He googled Dathai Devine who was now in his late fifties and had indeed been mooted as a potential Nobel candidate, but that had been several years ago after the publication of his eleventh volume of poetry; since then he had published nothing and there was wide speculation that he was engaged on a major opus, although others said his inspiration had dried up and that he had not written anything in years. Still, he was a big enough name to confront with the allegation that he was dabbling in drugs, albeit ones whose legal status was murky.

At first Barry had told Devine that he wanted to interview him about his life as a writer and his work but the poet had politely declined. Barry phoned back several times, trying the same line but varying it to include questions about inspiration. He could hear Devine becoming at first impatient with his persistent calling and then subdued as Barry casually dropped in the suggestion that some poets might use artificial stimulants to inspire their creativity. By midweek Barry had more or less told Devine that he had proof that he’d bought mind-altering substances and that, as a poet whose work was still on the curriculum of some schools, he had a duty to respond. For the most part Devine simply hung up but on the final occasion that Barry had actually got to speak to him, he had heard a note of desperation and a plea for him to stop pestering him.

Barry’s editor had already agreed in principle to run the story about the psychedelic adventures of the respected poet on the front page of that Sunday’s paper and Barry had planned to doorstep him along with Denis the photographer on the Friday morning. But that was before Chief Inspector Frank Hamilton had confronted him.

When the chief inspector had left, Barry stood and looked at himself in a mirror, not daring to meet his own eye. It was part of a tabloid journalist’s lot to be a pest and to be disliked. He’d been cursed at, spat at, threatened, punched and even got laid by those who wanted to stop him writing about them but no-one had ever killed themselves. Even those whose lives had been ruined by his exposés, been abandoned by their wives or husbands, shunned by their children and sacked from their jobs had never felt the need to end it all. In the great scheme of things, Dathai Devine’s misdemeanours were not particularly scandalous, he had done nothing illegal – it was the juxtaposition of his establishment reputation with the slightly underground world of head shops that carried the story. In fact, it made him quite interesting.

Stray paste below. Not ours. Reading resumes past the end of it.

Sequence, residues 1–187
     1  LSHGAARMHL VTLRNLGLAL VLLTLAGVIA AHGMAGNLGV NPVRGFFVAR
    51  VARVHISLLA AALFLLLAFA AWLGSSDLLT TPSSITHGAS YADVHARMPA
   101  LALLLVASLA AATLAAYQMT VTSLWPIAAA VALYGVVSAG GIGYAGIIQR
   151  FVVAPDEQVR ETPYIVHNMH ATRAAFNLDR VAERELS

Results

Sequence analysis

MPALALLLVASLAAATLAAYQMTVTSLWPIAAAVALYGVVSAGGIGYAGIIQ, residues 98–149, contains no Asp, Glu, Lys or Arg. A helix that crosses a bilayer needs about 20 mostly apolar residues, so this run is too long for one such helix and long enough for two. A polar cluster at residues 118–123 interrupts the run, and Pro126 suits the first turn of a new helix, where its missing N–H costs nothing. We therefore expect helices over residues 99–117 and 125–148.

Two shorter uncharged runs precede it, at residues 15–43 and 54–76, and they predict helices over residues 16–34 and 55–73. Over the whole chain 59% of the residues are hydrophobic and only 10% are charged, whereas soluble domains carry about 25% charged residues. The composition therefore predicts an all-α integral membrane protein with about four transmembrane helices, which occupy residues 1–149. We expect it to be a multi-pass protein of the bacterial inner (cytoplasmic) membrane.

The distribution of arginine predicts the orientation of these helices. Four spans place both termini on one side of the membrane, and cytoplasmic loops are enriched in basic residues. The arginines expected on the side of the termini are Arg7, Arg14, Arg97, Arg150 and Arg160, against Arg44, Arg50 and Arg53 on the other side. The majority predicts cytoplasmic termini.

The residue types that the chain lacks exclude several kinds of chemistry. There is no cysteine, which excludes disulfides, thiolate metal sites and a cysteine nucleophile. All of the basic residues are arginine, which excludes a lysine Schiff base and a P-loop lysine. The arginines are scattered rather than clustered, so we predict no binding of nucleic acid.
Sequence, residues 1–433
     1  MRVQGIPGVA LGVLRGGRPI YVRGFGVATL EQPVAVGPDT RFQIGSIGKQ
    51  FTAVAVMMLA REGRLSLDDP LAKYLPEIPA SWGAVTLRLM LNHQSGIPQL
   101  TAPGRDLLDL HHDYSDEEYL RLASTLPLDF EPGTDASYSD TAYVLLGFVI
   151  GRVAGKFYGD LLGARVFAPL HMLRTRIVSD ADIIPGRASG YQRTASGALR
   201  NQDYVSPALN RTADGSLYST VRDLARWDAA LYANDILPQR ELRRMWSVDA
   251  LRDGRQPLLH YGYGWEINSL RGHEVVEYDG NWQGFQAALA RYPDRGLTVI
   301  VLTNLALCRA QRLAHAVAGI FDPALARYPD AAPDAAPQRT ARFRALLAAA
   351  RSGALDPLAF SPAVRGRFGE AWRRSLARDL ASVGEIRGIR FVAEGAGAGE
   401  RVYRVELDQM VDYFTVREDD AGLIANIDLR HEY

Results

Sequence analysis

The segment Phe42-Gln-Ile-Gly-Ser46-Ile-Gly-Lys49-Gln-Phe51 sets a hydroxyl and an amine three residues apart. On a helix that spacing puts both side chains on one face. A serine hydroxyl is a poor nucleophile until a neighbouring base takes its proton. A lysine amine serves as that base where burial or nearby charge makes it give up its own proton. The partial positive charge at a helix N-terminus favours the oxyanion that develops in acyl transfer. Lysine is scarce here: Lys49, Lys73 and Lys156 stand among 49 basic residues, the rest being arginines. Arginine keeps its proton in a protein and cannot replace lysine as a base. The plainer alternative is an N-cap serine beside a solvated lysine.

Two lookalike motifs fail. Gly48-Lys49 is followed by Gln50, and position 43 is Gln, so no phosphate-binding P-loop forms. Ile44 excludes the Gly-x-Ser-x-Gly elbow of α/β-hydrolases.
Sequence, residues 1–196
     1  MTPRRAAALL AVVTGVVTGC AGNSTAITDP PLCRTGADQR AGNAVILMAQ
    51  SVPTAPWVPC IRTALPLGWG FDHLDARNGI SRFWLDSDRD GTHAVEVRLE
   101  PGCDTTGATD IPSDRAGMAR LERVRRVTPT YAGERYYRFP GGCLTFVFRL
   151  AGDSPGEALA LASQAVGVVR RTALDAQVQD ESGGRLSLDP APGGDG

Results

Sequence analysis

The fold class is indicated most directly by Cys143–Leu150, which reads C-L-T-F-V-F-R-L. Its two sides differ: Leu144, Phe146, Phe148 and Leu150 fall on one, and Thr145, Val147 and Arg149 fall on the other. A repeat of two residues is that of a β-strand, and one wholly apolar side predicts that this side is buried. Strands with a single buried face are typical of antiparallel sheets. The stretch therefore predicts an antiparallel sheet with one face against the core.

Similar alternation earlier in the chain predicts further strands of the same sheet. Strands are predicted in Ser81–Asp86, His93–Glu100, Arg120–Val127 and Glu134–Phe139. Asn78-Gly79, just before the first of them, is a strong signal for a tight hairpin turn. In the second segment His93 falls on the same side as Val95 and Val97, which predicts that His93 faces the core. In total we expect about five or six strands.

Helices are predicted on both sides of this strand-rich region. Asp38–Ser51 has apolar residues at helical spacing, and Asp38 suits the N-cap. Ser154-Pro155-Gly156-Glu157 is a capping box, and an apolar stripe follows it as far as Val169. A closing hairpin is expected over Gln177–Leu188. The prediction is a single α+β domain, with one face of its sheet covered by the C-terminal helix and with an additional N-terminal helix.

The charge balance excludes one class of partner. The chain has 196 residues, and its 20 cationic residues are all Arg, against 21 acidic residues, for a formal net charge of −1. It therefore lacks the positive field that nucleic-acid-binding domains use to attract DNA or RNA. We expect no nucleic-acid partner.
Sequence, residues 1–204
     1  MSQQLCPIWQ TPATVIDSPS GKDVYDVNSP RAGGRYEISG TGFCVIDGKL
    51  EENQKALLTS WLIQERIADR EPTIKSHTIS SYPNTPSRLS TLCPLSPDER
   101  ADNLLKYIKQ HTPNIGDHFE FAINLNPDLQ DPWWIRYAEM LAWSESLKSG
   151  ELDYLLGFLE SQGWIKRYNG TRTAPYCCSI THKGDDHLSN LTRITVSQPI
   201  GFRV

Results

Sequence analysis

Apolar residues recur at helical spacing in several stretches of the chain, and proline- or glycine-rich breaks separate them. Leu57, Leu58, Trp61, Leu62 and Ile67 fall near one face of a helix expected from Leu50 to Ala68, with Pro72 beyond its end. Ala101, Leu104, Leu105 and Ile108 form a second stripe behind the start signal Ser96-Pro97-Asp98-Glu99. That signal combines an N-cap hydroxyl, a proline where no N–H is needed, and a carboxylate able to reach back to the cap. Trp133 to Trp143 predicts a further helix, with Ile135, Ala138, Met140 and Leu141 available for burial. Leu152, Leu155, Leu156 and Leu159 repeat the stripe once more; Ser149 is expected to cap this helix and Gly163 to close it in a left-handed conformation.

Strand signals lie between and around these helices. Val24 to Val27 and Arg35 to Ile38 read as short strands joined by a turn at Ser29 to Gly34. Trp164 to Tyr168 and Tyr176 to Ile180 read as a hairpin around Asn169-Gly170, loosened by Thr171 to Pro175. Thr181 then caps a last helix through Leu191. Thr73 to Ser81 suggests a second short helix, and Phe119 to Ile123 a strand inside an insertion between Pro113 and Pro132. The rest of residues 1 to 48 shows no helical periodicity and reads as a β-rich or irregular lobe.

“There’s got to be more to it than that,” said Barry raising his eyes to meet those of his reflection, before grabbing his coat and car keys.

There was already a small posse of press outside the house when Barry got there, including Denis his sidekick, but he ignored them and went straight to where he recognised the fresh-faced cop who had accompanied Hamilton that morning.

“I need to speak to the chief inspector,” Barry said. “I have important information which I need to give to him now.”

The young cop grimaced and it was clear that he had no idea what to do.

“It could help clear this case up,” said Barry decisively and ducked past the still confused rookie.

The hall was dark and hummed with conspiracy. A grandfather clock ticked ponderously. A musty smell rose from the carpet and a whiff of damp from the peeling plastered walls but there was something else, sticky and unpleasant. A door to his left stood ajar and from beyond it came the sound of voices. Barry braced himself and eased the door open just as the room was lit up by a flash from an oversize camera set on a tripod. The scene in the room was flash-burnt onto his retina, the photographer and the camera and other silhouettes in the background, all focused on the naked body of a man sagging against a bookcase, his head covered in a yellow plastic bag and a noose of curtain cord tight around his neck, its other end fastened to an ancient, sturdy light bracket set high on the wall beside the bookcase. On the floor between his feet was a pool of liquid, while smears of shit streaked along the dead man’s gnarled legs.